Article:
Isabella Stewart Gardner Museum

Titian: Women, Myth & Power

This weekend, I went to see the Titian: Women, Myth & Power Exhibit in the Hostetter Gallery (August 12, 2021 – January 2, 2022).  King Philip II of Spain hired Titian to create a series of monumental paintings between 1551 and 1562.  These “landmarks” of western painting, the six poesie (painted poetries) are epic stories from classical Antiquity.

The paintings were spread across Europe over time, and only recently have been reunited in several museums, including the Isabella Steward Gardner.  One of the paintings, the “Rape of Europa” is permanently owned by ISG.  It is joining the five companions for the exhibition’s finale that also included the National Gallery, London and the Museo del Prado, Madrid.

The Rape of Europa, Isabella Stuart Gardner Museum

The “Rape of Europa” is about the abduction of Europa by Zeus (Jupiter). In the myth, the god assumed the form of a bull and enticed Europa to climb onto his back. Once there, the bull rode into the sea and carried her to Crete, where he revealed his real identity. Europa became the first Queen of Crete, and had three children with Zeus.

Danaë, National Museum of Capodimonte, Naples

Danaë is based on the mythological princess Danaë, isolated in a bronze tower following a prophecy that her firstborn would eventually kill her father.Although aware of the consequences, Danaë was seduced and became pregnant by Zeus (Jupiter), who, inflamed by lust, descended from Mount Olympus to seduce her in the form of a shower of gold.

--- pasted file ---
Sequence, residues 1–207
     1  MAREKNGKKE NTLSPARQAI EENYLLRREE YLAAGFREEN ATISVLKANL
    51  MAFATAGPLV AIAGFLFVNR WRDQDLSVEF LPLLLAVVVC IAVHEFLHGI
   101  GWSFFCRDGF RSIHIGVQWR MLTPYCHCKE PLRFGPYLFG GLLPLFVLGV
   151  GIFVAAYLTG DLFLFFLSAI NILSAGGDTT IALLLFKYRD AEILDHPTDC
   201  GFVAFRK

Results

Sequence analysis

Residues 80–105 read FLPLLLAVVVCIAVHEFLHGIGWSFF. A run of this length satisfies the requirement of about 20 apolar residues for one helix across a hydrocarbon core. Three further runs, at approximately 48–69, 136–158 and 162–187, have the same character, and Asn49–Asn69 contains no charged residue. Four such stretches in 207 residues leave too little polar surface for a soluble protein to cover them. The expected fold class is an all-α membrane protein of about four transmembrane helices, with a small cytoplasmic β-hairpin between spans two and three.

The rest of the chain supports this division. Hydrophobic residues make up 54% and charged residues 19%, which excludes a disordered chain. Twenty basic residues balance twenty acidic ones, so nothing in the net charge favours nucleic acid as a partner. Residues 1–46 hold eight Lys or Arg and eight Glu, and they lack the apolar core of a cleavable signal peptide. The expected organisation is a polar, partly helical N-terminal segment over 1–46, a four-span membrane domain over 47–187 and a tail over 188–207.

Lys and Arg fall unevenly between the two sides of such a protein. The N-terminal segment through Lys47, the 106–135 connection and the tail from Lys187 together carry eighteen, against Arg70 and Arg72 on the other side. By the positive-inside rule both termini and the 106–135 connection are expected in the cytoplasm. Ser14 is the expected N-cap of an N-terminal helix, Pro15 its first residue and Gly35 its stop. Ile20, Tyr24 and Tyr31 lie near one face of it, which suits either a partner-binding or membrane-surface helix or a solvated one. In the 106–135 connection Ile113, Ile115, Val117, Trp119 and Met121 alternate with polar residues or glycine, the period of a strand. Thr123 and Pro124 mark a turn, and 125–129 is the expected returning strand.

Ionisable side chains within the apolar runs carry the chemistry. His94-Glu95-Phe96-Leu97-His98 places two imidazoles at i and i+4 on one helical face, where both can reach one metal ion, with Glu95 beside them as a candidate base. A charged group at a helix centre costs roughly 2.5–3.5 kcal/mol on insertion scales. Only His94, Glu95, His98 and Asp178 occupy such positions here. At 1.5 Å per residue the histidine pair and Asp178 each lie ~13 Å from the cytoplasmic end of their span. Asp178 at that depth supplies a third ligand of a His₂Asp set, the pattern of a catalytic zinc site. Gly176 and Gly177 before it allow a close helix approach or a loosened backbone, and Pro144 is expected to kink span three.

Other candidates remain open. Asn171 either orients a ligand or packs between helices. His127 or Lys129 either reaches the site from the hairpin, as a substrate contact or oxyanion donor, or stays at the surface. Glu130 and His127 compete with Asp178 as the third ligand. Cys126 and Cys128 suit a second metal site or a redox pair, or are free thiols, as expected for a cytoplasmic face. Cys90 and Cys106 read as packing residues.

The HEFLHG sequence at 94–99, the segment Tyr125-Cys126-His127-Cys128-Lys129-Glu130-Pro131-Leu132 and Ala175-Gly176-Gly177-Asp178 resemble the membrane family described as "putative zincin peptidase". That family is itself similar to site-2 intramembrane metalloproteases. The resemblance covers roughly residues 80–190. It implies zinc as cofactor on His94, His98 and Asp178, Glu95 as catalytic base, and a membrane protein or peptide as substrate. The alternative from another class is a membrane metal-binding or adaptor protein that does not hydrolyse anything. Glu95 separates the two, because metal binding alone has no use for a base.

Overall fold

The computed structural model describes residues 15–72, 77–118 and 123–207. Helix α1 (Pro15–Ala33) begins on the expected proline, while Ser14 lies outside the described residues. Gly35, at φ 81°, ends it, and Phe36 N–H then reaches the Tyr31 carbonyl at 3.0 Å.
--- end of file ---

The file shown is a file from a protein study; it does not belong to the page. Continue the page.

Venus and Adonis, Prado, Madrid

The Prado version of Venus and Adonis is set at dawn and shows the young Adonis pulling himself away from Venus, his lover. He carries a feathered spear or “dart”, a weapon often used in hunting in the 16th century. The leads of his three hounds are wound around his arm at right. Under the trees behind them at left Cupid lies asleep, with his bow and quiver of arrows hanging from a tree; this is not a time for love. High in the sky, a figure rides a chariot; this is either Venus from later in the story, or Apollo or Sol, representing the dawn. Venus sits on a rock covered with a rich tablecloth with gold braid edges and buttons.

Diana and Actaeon, National Gallery and Scottish National Gallery, London and Edinburgh

Diana and Actaeon portrays the moment in which the hunter Actaeon bursts in where the goddess Diana and her nymphs are bathing. Diana is furious, and will turn Actaeon into a stag, who is then pursued and killed by his own hounds, a scene Titian later painted in his The Death of Actaeon.  Diana is the woman on the right side of the painting. She is wearing a crown with a crescent moon on it and is being covered by the dark skinned woman who may be her servant. The nymphs display a variety of reactions, and a variety of nude poses.

Diana and Callisto, National Gallery and Scottish National Gallery, London and Edinburgh

Diana and Callisto portrays the moment in which the goddess Diana discovers that her maid Callisto has become pregnant by Jupiter.

Perseus and Andromeda,  Wallace Collection, London

Perseus and Andromeda shows the hero Perseus flying through the air in combat to kill the sea monster who has come to kill Andromeda, who has been chained to a cliff by the sea shore for him. Perseus has already attacked and wounded the monster on the shoulder.

(Click links to get to Wikipedia source information.)

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